KTVY, an Oklahoma
City TV station, aired an interview with the mother of the alleged victim.
"We want to fight because I feel this will happen again and again and
again," said the woman, who was shown only in silhouette. "[My
daughter] thought she was safe because of who they were and where they were
at.... She knew they were OU players, and she thought she would be safe with
According to one
former resident of the athletic dorms, no woman is really safe in Bud Hall:
"What happened was not an isolated kind of thing. The attitude is, We're
Sooners. This is the way we party."
resident, who knew some of the players involved, says the players' intimidating
manner is an acquired trait: "As freshmen, they're all excited and a bunch
of neat guys. As the year progresses, they change. It's real subtle. They
become more callous to discipline as they find they can get away with more. The
older guys show them around, show them the attitude."
This was not the
first time that Hall had been in trouble. On Nov. 11, 1987, the other Sooner
players had voted to suspend him for then-undisclosed disciplinary reasons.
Charges filed—and later dropped—with the university police alleged that he had
been stealing from his teammates. Switzer remembers that Hall swiped a warmup
suit, and several players claim that Hall took jewelry and some stereo
equipment from them. Most of the Sooners assumed that Hall's separation from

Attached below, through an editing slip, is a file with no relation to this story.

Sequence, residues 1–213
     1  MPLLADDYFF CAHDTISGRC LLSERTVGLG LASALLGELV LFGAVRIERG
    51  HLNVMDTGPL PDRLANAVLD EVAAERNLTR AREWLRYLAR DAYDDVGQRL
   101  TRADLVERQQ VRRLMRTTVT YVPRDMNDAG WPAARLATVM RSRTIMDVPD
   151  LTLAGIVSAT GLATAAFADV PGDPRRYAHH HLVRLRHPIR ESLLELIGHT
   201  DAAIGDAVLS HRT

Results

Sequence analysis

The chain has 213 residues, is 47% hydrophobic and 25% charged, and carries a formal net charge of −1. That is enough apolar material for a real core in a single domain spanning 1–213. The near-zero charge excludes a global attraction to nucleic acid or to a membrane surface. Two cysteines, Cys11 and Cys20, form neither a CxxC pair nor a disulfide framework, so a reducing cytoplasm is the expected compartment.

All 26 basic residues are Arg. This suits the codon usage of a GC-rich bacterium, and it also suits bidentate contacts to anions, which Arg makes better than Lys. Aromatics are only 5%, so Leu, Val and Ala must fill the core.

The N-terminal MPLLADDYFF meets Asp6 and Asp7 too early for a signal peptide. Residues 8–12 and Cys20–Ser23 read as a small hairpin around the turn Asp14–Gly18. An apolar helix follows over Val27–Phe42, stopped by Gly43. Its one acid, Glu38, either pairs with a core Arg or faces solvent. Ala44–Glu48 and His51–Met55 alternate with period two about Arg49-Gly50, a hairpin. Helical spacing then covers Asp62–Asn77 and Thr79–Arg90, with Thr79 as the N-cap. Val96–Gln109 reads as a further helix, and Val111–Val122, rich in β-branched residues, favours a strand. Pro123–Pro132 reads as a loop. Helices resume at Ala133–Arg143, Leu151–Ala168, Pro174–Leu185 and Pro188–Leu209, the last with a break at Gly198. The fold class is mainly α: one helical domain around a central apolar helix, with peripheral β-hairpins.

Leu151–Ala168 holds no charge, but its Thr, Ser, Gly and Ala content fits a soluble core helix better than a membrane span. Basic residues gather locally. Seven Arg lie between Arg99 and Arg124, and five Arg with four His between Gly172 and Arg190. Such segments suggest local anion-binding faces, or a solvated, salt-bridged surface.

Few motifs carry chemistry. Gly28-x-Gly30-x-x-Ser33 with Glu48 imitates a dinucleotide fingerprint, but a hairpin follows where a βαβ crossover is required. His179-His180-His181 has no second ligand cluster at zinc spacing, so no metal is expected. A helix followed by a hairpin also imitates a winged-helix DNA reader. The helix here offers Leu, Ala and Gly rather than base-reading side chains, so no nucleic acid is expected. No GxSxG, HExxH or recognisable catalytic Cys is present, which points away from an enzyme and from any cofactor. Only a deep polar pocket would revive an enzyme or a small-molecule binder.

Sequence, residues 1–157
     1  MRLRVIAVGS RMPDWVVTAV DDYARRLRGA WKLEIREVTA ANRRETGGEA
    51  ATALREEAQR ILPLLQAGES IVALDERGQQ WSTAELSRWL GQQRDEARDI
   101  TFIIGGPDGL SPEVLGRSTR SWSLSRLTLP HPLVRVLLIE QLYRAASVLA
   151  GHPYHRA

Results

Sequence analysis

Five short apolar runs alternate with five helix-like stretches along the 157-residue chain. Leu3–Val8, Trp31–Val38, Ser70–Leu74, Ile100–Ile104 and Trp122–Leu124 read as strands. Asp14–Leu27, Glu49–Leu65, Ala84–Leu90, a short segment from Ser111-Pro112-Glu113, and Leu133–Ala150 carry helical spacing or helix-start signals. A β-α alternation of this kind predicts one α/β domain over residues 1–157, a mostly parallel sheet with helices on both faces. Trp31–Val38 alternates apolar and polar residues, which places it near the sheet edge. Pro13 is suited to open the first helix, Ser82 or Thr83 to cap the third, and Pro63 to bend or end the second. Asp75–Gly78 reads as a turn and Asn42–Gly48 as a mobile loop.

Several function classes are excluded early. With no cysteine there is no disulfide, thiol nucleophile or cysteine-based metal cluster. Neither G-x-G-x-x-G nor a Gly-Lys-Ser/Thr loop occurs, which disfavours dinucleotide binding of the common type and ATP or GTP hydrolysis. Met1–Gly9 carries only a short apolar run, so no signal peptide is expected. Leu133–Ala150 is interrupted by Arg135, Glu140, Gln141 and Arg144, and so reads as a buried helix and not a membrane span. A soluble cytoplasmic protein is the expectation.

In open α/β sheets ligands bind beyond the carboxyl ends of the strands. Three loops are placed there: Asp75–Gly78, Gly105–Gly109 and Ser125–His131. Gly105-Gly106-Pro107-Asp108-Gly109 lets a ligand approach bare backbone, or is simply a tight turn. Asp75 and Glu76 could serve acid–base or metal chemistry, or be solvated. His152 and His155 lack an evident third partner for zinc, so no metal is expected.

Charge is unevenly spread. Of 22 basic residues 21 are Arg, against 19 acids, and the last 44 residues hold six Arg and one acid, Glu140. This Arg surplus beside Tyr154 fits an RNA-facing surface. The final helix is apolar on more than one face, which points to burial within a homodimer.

the team was permanent. He wouldn't be missed for the rest of the '87 season
because Keith Jackson, a senior All-America, played tight end.
But by the start
of practice in late August 1988, Jackson was gone to the pros and the two
players slotted to replace him, Billy Dykes and Duncan Parham, were sidelined
with injuries. "The tight end position—it's been devastated," Switzer
told The Oklahoma Daily on Aug. 26. "Our seniors came to me last week....
They want to reinstate [Hall]. I told them they dismissed him; if they want him
back, they can have him. Bernard Hall has to be activated for us to have a
chance to have a good player, a winning player at that position."
The Sooners voted
to welcome Hall back. A few days later, they lost him again—this time when he
was ruled academically ineligible for the season. Until his arraignment on the
rape charge. Hall was considered a likely starter in 1989.
known as a coach who's really changed lives and made them productive by giving
second chances," says Duncan, who was one of Switzer's assistants from 1973
through '78. "Over the years, there have been plusses and some minuses.
Obviously this one's a minus."
None of the three
who were charged with rape will get another chance from Switzer. "I've made
my decision," he says. "They won't play here again. And if they're
found guilty in the courts, I want them behind bars; I want them caged. I have
a 19-year-old daughter, and if somebody harmed her, I'd kill the
shooting and the alleged rape hit Switzer hard, nothing has pained him more
than Thompson's drug bust. "It destroyed me, it really destroyed me,"
says Switzer. "I had a real good relationship with Charles. I had talked to
Charles about him being drug-free, him doing the right thing, because he was a
quarterback, in the public eye. Now, I worry about Charles going the other way,
going into that culture, those associations."
After receiving a
tip during the weekend of Feb. 11-12, Switzer told Thompson on Monday that he
was under investigation. However, the FBI, which reportedly photographed its
alleged undercover transaction with Thompson, was hoping to break a much bigger
case. It wasn't ready to arrest Thompson, but Switzer's warning forced the
bureau's hand and brought an important operation to a premature end, although
Norman police did arrest three other suspects, none of them Oklahoma athletes,
in connection with the Thompson case.